“‘Who is this Archduke man who has been murdered?’
‘What does it matter to us?’”-L. M. Montgomery, Rilla of Ingleside
So speaks Miss Cornelia in the first chapter of Rilla of Ingleside, as she trades gossip on one of many front porches on the idyllic coastline of Prince Edward Island, Canada (a British dominion at the time). Inside, 15-year-old Rilla Blythe eagerly awaits the next day, when she will attend her first party—a party doomed to be interrupted by the news of England’s declaration of war against Germany. Within days, Rilla’s brothers and childhood friends are off to war, leaving the women of their families behind to endure four long years of global upheaval and personal tragedy.
Published in 1921, Rilla of Ingleside is the eighth book of the Anne of Green Gables series by L. M. Montgomery. It is told through the eyes of Rilla Blythe, the youngest child of the series’ titular heroine, Anne Shirley. Though Rilla’s coming-of-age in a climate of fear and adversity is nothing like her mother’s childhood adventures in the Canadian countryside, this is an Anne book to the core. Like the earlier books in the series, Rilla of Ingleside is best classified as slice of life—though the backdrop of World War I supplies plenty of drama, the Blythes could be any of millions of early twentieth-century Canadian families. Montgomery leans into this ordinariness, stringing together moments of everyday joy. Between war headlines and letters from the trenches, Rilla learns how to make cream puffs and deal with two-faced friends. The family cat gets a full character arc (I won’t spoil it for you). This book is about the most brutal war the world had ever seen, yes, but mostly it is about a small town, with its small-town concerns and interpersonal dramas, deciding what sort of dent it will make on world history.
To modern-day students of history, Rilla of Ingleside reads like a time capsule. Not only is it one of the only fictional accounts of Canadian women’s experiences of WWI, but because it was published within three years of the Armistice, it captures popular wartime sentiment without any of the cynicsm that colored later accounts of the Great War. Rather, the book is flagrantly patriotic and proudly moralistic. The characters’ unwavering conviction that they are fighting “to make a world where wars can’t happen” should, by all counts, inspire derision. After all, Montgomery’s own son was conscripted to the British Royal Navy during WWII. But when I pick up this book, I can set aside the M.A.I.N. causes of WWI, and the Scramble for Africa, and the delicate geopolitics of pointing your shiny new missiles at your neighbors just to measure the resulting boom. Instead, I become swept up in the characters’ declaration that the world is beautiful and its beauty must be protected.
No one paints a scene like Montgomery. Her intense love for the green valleys and rocky shores she grew up with echoes through her winding, unabashedly flowery prose. Her page-long passages on the aroma of mayflowers and mist curling between trees should be purple and overwrought, but instead manage to hit the “queer ache” every time—you know, the one that compels you to run outside and spout cliches at the sunset, or cry when you spot baby raccoons crossing the street. As we sit with Rilla on the porch, nervously awaiting the newspaper, or by the edge of a brook, stealing one last evening with her brother before he leaves for the Western Front, her gorgeous surroundings only bring her pain into sharper relief.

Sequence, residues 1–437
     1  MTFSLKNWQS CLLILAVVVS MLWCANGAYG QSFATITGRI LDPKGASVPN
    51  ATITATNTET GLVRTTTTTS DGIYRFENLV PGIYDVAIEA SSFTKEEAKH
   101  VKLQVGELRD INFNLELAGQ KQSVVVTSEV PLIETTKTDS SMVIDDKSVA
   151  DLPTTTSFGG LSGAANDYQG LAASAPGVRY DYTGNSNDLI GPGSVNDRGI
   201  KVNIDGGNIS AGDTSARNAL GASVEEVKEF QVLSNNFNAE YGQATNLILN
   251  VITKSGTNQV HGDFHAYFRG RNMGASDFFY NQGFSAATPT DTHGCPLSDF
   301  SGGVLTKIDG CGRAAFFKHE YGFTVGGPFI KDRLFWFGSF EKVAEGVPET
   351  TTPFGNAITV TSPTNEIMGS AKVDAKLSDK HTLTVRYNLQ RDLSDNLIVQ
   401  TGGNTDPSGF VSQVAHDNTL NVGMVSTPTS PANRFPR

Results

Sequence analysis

I’m writing this review during a world crisis. You’re probably reading this during a crisis, be it personal or global. While Rilla of Ingleside’s insistence that all struggle serves a greater good may not hold up to modern readers, we can still take inspiration from the everyday strength it reflects. The paper tells daily of new horrors from the warfront, the flowers in the garden are gradually sacrificed for potato plots, and through it all, Rilla grows more patient, good-humored, and resilient. Life is not fiction, and world wars aren’t waged to facilitate our character arcs. Still, when we “keep faith” in the face of catastrophe, we discover new strength within ourselves to keep going.
If it sounds like I’m trying to sell you a hundred-year-old novel about Canadian women sitting in a parlor, it’s because I am. Their perspective is one worth hearing.
—Coral Chen, Fall 2021 Staff
Lucy Maud Montgomery (1874-1942) was born in the village of Clifton (now New London) on Prince Edward Island in Canada. She was brought up by her grandparents after her mother died when she was two. Later her father moved away to Saskatchewan, where he remarried, and when she spent some months in his new home she was not happy. ‘I do not think’, she wrote, ‘that the majority of grownups have any real conception of the tortures sensitive children suffer over any marked difference between themselves and the other denizens of their small world.’
While working as a reporter for the Halifax Daily Echo, she wrote Anne of Green Gables in the evenings over a period of eighteen months and when it was rejected by four publishers she put it away for two years. Then she revised it and a Boston publisher accepted it at once. When it appeared in 1908 the book proved so popular that ever afterwards she felt constrained by the public’s constant demand for more stories about Anne. She did write five sequels – as well as many other novels – and they made her rich, but none reached the classic status of the first.
In 1911 she married Ewan Macdonald. She had two sons; she enjoyed fame and was made an Officer of the Order of the British Empire in 1935. She died in Toronto in 1942 and was buried in Cavendish Cemetery, not far from her birthplace.
Rilla of Ingleside can be purchased here.